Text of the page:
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. 2013 Aug;19(8):998-1004.
doi: 10.1038/nm.3267. Epub 2013 Aug 6.

Tumorigenicity as a Clinical Hurdle for Pluripotent Stem Cell Therapies

Free PMC article

Tumorigenicity as a Clinical Hurdle for Pluripotent Stem Cell Therapies

Andrew S Lee et al. Nat Med. .
Free PMC article


Human pluripotent stem cells (PSCs) are a leading candidate for cell-based therapies because of their capacity for unlimited self renewal and pluripotent differentiation. These advances have recently culminated in the first-in-human PSC clinical trials by Geron, Advanced Cell Technology and the Kobe Center for Developmental Biology for the treatment of spinal cord injury and macular degeneration. Despite their therapeutic promise, a crucial hurdle for the clinical implementation of human PSCs is their potential to form tumors in vivo. In this Perspective, we present an overview of the mechanisms underlying the tumorigenic risk of human PSC-based therapies and discuss current advances in addressing these challenges.


Figure 1
Figure 1. Tumorigenic hurdles to clinical translation of pluripotent stem cell based therapies
Depicted are tumorigenic pitfalls associated with applications of pluripotent stem cells for patient treatment, using ischemic heart disease as an example. Specific areas of concern include derivation of ESCs/iPSCs, culture and differentiation into therapeutic cell populations (ie cardiomyocytes), delivery into sites of injury, and engraftment.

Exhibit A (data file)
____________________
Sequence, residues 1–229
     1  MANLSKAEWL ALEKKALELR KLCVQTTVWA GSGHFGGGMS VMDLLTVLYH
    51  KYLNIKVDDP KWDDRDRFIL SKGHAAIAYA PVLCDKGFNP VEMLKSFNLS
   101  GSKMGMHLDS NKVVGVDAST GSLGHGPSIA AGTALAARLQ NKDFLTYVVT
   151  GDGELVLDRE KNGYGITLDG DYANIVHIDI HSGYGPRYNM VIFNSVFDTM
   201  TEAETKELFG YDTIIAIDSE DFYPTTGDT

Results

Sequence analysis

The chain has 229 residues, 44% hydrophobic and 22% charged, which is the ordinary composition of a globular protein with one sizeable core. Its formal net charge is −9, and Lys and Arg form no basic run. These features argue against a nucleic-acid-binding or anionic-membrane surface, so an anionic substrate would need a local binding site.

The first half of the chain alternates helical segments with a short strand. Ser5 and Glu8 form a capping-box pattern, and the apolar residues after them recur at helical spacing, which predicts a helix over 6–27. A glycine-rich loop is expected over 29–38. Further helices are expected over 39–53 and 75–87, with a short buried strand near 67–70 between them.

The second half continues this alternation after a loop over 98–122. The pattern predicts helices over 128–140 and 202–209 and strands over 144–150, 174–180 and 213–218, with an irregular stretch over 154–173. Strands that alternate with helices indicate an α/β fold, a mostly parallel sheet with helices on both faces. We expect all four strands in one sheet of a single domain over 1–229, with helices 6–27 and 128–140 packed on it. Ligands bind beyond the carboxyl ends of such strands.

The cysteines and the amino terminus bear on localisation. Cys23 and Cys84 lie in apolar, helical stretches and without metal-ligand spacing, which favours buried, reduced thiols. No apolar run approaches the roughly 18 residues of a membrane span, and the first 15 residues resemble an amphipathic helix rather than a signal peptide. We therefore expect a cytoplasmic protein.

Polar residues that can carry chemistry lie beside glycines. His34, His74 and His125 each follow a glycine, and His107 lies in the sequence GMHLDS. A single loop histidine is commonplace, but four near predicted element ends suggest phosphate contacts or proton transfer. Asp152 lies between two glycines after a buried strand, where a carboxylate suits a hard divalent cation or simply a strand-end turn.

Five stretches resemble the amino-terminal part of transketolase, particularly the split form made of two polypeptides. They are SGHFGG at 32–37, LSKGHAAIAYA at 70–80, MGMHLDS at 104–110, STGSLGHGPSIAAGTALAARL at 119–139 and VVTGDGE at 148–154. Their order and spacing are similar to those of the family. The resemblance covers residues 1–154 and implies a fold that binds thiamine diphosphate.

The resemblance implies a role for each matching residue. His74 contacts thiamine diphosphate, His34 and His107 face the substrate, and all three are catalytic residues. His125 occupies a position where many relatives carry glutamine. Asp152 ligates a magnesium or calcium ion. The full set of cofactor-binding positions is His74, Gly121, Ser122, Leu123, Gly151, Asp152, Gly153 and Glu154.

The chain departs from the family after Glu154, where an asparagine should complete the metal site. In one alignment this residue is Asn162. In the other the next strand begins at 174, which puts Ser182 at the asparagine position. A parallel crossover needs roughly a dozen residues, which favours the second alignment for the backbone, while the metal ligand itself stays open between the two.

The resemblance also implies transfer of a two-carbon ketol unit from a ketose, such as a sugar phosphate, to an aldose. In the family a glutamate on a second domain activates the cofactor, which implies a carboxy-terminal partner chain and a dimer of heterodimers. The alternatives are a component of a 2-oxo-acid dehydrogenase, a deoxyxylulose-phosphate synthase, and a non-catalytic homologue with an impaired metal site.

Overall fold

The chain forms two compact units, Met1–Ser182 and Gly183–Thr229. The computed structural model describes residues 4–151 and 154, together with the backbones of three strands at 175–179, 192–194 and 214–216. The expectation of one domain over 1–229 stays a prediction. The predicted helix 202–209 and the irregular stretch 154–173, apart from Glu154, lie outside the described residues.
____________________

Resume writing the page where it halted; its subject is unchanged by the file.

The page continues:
Figure 2
Figure 2. Potential mechanisms for tumorigenicity during induction of pluripotency in somatic cells
This figure illustrates the common mechanisms by which the process of reprogramming somatic cells to pluripotency may directly result in promotion of tumorigenic outcomes. Specifically, global epigenetic hypomethylation (purple circles) may directly cause chromosomal abnormalities and oncogene activation. Integration of pluripotency transgenes such as MYC (blue) may result in reactivation of oncogenic networks following cell differentiation and transplantation into patients. Genomic integration of transgenes may also directly inactivate tumor suppressors (white) or activate oncogenes (orange), causing abnormal cell growth.

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